I attended the third Plenary session of the year, which proved to be unfortunately long yet sincerely welcoming. A Senator passed out an agenda, which some scribbled notes and doodles on throughout the meeting. The check-in question “what was your dream job as a kid?” had people laughing freely around the table. In a moment of uncertainty, I was encouraged by Bridget Smith, who exclaimed, “Please speak! Usually no one comes.” Although a welcoming environment, Senate is not naive of its optics. While taking a group photo (as shown below), a Senator reminded everyone to “spread the butter,” referencing how people of color were grouped in the first photo published in the Oberlin Review.  

Dean of Students Meredith Raimondo, advised Senators to establish a task force for a revision of Senate’s by-laws. Raimondo noted, “One of the things your by-laws are blocking is your ability to get moving.” She noticed a “groundhog day effect” in which Senators were unable to catch everyone up to speed and accomplish their ultimate goals before new Senators were brought in by the semester elections. Since then, this task-force has been established to update the Senate by-laws, such as the election system, term length, and interorganizational ties. 

While some Senate initiatives are quickly implemented and proven effective, others are far more stagnant. Evidence of this slow process was the move of the Student Health and Counseling Center to Dascomb. This idea was initially introduced by Senate in 2015, but was only implemented this semester. Additionally the idea of the DeCafe reusable bags was introduced and approved last semester. However, it took until last month for the reusable bags to be implemented and single-use plastic bags still haven’t been completely phased out of DeCafe. Although part of this delay was from an incomplete shipment, it also stemmed from slow and convoluted pathways of change.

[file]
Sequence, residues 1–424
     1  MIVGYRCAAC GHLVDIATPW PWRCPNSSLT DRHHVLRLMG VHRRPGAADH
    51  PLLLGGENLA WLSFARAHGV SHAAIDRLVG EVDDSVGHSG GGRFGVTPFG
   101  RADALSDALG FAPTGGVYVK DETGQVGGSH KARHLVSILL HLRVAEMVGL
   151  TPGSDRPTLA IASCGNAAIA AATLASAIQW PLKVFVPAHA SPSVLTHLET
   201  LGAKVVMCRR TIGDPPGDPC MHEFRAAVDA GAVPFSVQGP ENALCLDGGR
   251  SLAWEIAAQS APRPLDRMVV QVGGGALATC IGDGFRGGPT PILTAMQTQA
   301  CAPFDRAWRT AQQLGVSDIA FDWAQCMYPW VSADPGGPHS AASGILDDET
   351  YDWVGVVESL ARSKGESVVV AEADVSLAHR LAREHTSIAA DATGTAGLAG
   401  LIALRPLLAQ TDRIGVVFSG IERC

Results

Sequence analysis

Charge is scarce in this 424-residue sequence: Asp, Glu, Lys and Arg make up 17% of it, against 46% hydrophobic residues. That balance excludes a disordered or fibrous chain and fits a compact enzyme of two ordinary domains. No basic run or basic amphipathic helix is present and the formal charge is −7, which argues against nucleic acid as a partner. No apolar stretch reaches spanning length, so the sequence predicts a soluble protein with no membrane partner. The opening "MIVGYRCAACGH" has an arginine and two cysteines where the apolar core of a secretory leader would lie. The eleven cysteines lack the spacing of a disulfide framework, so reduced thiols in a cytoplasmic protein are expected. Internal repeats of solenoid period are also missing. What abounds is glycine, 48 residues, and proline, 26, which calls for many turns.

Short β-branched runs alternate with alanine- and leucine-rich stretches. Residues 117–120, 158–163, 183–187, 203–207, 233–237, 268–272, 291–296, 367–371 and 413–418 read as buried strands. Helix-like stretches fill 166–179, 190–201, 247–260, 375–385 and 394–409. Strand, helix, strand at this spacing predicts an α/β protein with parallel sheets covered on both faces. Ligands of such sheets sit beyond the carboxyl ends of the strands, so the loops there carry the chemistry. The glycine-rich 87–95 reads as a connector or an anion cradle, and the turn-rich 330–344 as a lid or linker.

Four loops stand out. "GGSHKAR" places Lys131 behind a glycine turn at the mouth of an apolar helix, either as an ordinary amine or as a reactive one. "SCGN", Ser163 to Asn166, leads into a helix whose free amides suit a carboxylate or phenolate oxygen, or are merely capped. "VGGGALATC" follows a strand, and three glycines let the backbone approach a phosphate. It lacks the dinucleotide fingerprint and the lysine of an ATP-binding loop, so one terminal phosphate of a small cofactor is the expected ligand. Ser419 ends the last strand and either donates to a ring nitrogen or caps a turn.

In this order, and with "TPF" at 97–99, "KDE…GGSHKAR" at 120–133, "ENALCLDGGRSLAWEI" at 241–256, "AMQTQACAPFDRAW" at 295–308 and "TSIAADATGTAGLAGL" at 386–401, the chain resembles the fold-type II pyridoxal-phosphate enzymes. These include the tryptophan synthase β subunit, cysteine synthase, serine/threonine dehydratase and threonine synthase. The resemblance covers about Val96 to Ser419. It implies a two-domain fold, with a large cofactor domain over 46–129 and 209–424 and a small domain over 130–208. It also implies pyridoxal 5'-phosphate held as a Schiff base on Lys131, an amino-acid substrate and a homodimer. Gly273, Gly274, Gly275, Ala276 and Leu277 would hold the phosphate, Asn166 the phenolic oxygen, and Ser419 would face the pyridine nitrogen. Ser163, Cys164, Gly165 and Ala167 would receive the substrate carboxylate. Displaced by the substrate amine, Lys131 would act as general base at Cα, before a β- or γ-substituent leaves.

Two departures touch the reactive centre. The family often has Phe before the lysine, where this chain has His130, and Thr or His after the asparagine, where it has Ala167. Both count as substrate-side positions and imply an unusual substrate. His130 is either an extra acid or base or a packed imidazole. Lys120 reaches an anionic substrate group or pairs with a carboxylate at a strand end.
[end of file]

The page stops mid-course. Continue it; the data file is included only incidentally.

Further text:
However, many newly elected Senators are eager to change these traditions. Joshua Rhodes declared before Senate moves forward, “we have to get our house clean first”. He noted that his role of Communications Director was not even consistent in the by-laws. Kofi Asare, Operations Manager, hopes to represent the needs of student athletes on campus. In addition he hopes to improve campus life on the student health and wellness working group by finding “what we can do to decrease the amount of people who leave and don’t come back” through better access to counseling and education on self-care. David Mathisson, Chair of the Campus Dining Working Group, hopes to “expand the flexibility of a meal swipe” in DeCafe. 

Senate Chair Bridget aims to “make Senate a more inclusive and comfortable space for students.” Last semester, a third of Senators resigned, which Smith believes was heavily influenced by stressful social dynamics; especially concerning social capital and the threat of “cancelling.” This year, Smith is trying to have a more informal Plenary session with more constructive criticism and less jargon. In addition, the Senate plans to host events and retreats later this semester to create a more cohesive group dynamic.

Over the years, returning students seem to grow disenfranchised with Senate. Typically first years are the largest voting base and it sometimes seems like pulling teeth to get the voting rate to 20%. Senators hope to change this dynamic by increasing transparency and demonstrating that Student Senate is a group of students with genuine intentions and not simply a “tool of the administration.” By design, Senate is effective to the people who seek it out. Joining a Working Group, going to a Senator’s office hours, or simply texting a Senator with one’s concerns can give any member of the community the power to impact administrative policy.